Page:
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Note: This article is from Conservation Magazine, the precursor to Anthropocene Magazine. The full 14-year Conservation Magazine archive is now available here.

Electric Fruits

September 1, 2011

Tropical plants could charge your next car battery

Durian is famous for its noxious smell, but one day the so-called king of fruits could actually help reduce pollution, say researchers at the University of Nottingham Malaysia Campus. They are developing a process to turn durian and other tropical plants into activated carbon, a component of electric-car batteries.

Activated carbon is used to make supercapacitors, which help extend battery charge and overall battery life in electric cars. Supercapacitors also have applications in a variety of other alternative-energy systems such as solar, wind, and wave energy.

Activated carbon is usually made from coal, but that material is expensive. The team wanted to find a cheaper, greener source of activated carbon—and one close to home. “We wanted to have an industry related to energy which rural folk in Malaysia can participate in,” explains engineering professor Dino Isa, who is leading the project. So they began testing various tropical plants that are readily available in rural villages to see whether any would be feasible raw materials for activated carbon.

Isa recalls that the team wasn’t all that optimistic at first. But it turned out that certain plant materials—including durian skin, bamboo, and coconut husks—contain trace minerals that increase the capacity to hold an electric charge and thus make for better supercapacitors.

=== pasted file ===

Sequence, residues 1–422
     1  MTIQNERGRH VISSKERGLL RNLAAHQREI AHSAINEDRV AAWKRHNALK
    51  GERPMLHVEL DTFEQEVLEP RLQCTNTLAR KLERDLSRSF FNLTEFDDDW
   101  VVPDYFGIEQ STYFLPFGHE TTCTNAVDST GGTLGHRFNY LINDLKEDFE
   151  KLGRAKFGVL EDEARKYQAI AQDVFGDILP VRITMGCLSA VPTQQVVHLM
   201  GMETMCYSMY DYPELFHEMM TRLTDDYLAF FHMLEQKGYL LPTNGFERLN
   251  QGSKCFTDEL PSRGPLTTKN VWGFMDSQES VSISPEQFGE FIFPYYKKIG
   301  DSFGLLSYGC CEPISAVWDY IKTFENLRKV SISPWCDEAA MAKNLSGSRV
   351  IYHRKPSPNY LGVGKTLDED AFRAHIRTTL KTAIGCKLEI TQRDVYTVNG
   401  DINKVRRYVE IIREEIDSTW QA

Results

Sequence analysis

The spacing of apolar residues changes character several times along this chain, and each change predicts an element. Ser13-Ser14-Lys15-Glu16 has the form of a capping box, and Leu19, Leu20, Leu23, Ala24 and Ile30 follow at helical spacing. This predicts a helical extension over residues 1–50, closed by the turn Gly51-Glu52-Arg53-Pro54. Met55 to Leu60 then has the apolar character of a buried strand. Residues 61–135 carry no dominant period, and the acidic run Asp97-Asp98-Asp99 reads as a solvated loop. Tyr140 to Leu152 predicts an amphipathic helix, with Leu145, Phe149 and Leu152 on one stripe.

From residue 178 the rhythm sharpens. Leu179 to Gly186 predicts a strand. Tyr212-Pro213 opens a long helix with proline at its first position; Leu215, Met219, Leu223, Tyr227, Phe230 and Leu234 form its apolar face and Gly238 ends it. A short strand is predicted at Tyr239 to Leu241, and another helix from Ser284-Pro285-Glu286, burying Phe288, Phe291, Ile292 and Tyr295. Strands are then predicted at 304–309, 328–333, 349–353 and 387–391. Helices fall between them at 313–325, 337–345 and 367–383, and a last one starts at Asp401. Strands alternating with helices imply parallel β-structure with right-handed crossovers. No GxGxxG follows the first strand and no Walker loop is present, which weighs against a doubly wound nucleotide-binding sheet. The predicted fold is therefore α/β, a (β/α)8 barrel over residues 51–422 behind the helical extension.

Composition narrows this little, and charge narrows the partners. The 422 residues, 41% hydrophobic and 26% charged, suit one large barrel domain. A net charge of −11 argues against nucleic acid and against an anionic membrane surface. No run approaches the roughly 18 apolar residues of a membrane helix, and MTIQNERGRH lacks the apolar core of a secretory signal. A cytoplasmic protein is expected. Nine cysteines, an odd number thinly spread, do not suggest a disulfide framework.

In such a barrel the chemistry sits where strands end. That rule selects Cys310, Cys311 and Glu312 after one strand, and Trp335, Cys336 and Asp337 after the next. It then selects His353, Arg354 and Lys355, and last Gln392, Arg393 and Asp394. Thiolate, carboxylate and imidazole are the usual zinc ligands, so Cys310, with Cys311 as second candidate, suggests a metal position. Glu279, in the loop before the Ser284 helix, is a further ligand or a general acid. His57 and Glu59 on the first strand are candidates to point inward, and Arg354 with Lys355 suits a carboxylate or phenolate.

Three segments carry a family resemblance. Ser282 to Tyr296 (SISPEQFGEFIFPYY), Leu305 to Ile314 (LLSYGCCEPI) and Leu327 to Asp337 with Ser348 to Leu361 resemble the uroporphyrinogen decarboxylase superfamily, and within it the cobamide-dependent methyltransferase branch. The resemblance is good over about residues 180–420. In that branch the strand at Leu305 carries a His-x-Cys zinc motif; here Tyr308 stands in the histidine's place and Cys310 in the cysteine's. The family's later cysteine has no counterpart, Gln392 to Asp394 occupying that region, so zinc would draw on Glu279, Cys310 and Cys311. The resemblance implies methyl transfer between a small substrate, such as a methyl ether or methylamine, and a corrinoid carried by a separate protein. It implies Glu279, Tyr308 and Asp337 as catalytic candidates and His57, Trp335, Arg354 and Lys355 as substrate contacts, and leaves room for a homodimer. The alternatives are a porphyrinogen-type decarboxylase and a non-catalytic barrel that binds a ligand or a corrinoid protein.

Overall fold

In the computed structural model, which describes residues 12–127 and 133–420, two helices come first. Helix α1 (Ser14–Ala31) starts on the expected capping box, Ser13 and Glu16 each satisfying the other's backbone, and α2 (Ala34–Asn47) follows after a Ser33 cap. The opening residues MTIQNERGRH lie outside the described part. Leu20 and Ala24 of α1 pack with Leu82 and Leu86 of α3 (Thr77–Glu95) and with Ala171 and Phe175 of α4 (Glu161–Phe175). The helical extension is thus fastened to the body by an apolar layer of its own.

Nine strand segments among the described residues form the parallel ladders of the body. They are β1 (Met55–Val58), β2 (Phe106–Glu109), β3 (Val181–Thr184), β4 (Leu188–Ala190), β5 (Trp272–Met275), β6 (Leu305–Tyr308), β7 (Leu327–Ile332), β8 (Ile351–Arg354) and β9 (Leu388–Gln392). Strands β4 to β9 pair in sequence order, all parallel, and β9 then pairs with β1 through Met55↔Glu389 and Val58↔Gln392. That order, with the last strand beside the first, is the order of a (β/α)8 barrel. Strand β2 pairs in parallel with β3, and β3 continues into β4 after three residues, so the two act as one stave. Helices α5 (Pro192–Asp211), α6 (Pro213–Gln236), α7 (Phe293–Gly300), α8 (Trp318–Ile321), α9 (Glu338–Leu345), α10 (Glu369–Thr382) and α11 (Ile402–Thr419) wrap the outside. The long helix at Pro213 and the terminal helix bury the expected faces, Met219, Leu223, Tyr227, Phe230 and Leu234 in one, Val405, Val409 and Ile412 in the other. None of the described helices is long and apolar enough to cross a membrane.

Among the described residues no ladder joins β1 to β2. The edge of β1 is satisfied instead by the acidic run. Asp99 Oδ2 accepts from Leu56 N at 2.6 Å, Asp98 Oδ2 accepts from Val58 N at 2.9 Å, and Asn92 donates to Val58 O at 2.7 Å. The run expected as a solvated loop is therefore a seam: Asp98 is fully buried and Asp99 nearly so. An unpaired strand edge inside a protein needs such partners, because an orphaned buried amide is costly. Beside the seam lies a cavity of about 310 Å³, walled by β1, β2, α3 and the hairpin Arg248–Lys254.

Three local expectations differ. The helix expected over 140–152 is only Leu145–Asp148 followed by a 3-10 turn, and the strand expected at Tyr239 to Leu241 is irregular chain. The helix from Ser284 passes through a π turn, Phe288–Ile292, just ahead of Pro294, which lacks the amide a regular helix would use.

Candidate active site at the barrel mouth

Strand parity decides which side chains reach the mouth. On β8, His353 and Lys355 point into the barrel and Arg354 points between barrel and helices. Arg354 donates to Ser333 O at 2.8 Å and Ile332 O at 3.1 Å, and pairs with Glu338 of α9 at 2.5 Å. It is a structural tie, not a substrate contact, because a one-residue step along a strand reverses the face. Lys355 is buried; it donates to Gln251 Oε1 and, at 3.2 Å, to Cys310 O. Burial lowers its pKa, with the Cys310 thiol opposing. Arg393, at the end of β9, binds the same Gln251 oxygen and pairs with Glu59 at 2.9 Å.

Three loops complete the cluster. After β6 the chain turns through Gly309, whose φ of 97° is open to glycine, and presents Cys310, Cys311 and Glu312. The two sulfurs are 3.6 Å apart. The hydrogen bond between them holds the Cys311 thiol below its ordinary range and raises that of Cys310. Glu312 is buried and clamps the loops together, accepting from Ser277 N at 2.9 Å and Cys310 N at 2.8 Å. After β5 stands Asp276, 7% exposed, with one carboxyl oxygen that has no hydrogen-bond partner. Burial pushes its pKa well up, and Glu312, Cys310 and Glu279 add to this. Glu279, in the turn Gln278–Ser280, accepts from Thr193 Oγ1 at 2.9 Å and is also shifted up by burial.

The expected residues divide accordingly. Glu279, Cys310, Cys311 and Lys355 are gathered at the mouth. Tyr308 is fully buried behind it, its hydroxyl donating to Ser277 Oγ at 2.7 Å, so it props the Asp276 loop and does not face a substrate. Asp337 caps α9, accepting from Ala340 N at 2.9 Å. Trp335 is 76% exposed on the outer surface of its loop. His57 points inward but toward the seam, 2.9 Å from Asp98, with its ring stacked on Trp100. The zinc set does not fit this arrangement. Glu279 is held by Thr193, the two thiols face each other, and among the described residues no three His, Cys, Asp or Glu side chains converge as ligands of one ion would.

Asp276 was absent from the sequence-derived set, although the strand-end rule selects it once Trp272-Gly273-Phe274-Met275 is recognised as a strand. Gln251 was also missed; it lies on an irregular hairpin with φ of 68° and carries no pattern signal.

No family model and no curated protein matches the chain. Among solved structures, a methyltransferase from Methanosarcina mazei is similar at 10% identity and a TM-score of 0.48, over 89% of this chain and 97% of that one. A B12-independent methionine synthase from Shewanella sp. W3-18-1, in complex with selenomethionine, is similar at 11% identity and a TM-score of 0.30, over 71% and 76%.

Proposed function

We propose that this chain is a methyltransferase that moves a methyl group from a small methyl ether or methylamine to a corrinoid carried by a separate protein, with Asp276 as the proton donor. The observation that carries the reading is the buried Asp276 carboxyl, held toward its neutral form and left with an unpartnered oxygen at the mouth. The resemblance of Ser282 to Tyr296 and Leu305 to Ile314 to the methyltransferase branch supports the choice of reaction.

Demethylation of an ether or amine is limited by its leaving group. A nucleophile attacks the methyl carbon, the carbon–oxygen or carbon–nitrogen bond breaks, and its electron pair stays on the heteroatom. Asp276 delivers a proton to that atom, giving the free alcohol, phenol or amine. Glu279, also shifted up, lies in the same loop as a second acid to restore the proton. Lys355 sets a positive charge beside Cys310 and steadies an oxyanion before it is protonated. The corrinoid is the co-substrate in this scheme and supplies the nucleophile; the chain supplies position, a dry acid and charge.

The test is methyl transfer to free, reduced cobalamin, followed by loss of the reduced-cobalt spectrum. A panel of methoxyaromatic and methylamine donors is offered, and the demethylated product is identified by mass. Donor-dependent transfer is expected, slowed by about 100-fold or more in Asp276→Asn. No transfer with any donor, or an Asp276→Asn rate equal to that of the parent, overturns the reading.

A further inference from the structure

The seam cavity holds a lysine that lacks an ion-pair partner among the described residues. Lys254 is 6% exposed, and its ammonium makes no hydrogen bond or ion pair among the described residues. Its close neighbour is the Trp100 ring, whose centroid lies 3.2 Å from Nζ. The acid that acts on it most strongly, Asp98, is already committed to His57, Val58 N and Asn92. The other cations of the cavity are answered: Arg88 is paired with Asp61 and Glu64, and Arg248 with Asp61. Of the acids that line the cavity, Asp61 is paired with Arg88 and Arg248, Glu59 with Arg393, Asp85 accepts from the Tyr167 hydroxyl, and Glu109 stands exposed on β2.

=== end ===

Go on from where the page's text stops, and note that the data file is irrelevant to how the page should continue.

In the future, the group plans to work with villagers in rural Malaysia to process these raw materials. “The activation process is relatively simple, requiring a simple furnace and controls that reduce as much as possible the occurrence of ash in the final product,” Isa explains. The researchers must calibrate the process for each different type of plant, but then they will develop a step-by-step recipe that they can pass on to the villagers.


Isa’s team is working with Shaz Holdings to commercialize the technology. They have applied for a green-technology grant from the Malaysian government, in order to set up a factory and purchase the necessary equipment to make larger supercapacitors suitable for use in electric vehicles.

—Sarah DeWeerdt

Image: ©Martin Darley/

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